Posted by: Ken Brown | February 26, 2009

Lent

Despite Jim West’s nay-saying, I’m glad that I currently attend a more liturgically-oriented church that observes Lent. This is relatively new to me, and I certainly agree with him that true repentance and self-sacrifice should–must–be part of the Christian life throughout the year, not just for 40 days before Easter. But human nature is fickle and forgetful and I for one need as many reminders of these things as I can get. Lent is one such reminder, but more than that, it provides a manageable goal–not to replace true, long-lasting repentance, but to facilitate it.

Life must have its seasons, one can neither feast nor fast at all times, and a healthy balance requires both–not luke-warm moderation but hot and cold in their proper places. Thus some spiritual disciplines, like fasting, would be impractical and harmful if turned into a lifestyle are valuable if pursued for a time.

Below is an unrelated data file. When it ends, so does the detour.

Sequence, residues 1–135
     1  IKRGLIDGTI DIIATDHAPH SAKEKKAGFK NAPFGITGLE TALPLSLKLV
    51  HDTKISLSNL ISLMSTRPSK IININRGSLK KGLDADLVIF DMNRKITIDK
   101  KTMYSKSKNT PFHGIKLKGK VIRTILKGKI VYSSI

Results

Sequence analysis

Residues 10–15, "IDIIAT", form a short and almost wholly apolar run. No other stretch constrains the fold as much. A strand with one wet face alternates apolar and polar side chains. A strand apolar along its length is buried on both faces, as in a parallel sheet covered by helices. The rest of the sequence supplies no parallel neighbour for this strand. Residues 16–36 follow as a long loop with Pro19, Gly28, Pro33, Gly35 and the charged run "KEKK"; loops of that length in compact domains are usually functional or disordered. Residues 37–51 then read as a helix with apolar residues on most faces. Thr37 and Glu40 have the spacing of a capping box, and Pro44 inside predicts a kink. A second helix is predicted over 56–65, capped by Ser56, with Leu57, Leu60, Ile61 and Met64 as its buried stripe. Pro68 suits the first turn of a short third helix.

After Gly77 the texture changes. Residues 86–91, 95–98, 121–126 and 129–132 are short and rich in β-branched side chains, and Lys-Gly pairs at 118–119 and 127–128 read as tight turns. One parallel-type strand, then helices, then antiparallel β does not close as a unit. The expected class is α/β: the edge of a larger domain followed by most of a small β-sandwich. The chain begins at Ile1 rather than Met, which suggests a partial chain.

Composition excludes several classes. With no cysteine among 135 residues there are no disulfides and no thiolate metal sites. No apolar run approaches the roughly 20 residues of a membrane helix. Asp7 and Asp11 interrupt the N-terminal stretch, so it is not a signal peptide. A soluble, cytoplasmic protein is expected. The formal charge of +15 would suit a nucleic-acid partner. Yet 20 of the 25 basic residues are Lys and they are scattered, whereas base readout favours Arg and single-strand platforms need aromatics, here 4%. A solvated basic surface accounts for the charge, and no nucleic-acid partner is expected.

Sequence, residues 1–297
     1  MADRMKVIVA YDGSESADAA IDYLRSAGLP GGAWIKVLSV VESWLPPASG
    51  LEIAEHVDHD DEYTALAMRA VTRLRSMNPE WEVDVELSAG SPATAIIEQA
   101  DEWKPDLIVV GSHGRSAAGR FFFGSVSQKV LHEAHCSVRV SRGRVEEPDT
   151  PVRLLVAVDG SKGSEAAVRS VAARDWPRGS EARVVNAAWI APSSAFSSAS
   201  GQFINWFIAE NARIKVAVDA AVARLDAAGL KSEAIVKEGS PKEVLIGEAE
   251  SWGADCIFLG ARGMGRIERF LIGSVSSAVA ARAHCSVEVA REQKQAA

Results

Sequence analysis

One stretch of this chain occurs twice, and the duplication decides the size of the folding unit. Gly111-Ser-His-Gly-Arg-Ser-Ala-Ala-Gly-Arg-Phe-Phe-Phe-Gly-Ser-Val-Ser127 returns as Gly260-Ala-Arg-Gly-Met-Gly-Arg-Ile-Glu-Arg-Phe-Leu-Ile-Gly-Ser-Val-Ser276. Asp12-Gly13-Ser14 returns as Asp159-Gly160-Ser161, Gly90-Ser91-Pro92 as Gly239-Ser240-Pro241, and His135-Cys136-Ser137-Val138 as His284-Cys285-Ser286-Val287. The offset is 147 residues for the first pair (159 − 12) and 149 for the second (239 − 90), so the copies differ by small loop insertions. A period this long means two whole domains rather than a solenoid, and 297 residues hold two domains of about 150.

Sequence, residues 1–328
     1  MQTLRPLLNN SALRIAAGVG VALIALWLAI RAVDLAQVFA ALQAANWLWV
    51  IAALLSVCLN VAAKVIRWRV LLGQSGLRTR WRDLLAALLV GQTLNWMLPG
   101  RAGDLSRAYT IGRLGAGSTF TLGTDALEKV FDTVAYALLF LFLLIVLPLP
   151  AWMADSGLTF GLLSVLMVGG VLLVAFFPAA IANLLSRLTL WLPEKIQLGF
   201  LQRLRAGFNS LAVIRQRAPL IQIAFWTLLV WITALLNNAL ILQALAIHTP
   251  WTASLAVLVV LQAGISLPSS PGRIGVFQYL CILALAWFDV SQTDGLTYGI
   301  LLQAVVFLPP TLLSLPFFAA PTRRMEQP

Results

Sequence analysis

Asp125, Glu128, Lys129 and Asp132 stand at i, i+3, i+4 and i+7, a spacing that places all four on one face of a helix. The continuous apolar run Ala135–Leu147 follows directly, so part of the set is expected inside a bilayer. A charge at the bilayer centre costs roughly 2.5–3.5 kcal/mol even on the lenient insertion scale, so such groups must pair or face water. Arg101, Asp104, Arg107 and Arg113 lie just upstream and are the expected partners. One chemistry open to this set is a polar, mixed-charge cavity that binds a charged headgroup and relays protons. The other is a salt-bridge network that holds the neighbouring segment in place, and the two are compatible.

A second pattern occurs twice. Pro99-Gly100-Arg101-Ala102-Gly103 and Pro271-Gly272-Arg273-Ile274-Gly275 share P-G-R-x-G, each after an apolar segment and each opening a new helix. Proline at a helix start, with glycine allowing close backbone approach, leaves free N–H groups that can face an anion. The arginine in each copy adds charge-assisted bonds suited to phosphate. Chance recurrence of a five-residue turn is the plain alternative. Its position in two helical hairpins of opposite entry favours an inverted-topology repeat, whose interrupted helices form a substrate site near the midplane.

So this year I’m committing to two things for Lent, one negative and temporary, the other positive and long-term, but both equally important:

First, to spend nothing on myself that is not a necessity, and to give as much of the excess away as possible. Such could hardly be done indefinitely, but hopefully 4o days of it will help me to reducethe amount I spend on unnecessary desires for the long run.

Second, to spend at least 10 minutes, every day, in focused prayer. I used to pray for at least hour every day, but in recent years I’ve fallen out of that habit. Now I generally only pray before meals and in short bursts that usually begin “help me….” It’s time that changed, not for 40 days, but for good.

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Responses

  1. I too am new to observing Lent. My church doesn’t do it, but I decided to sacrifice something on my own this year.

    Earlier today I read a comment on another blog pointing out that Lent should include prayer, almsgiving, and penitence in addition to self-denial, so it sounds like you are really combining all of the elements well! I am not doing much beyond giving something up, but I think self-sacrifice is the one of the four that I practice least throughout the year, so it’s a good place to start.


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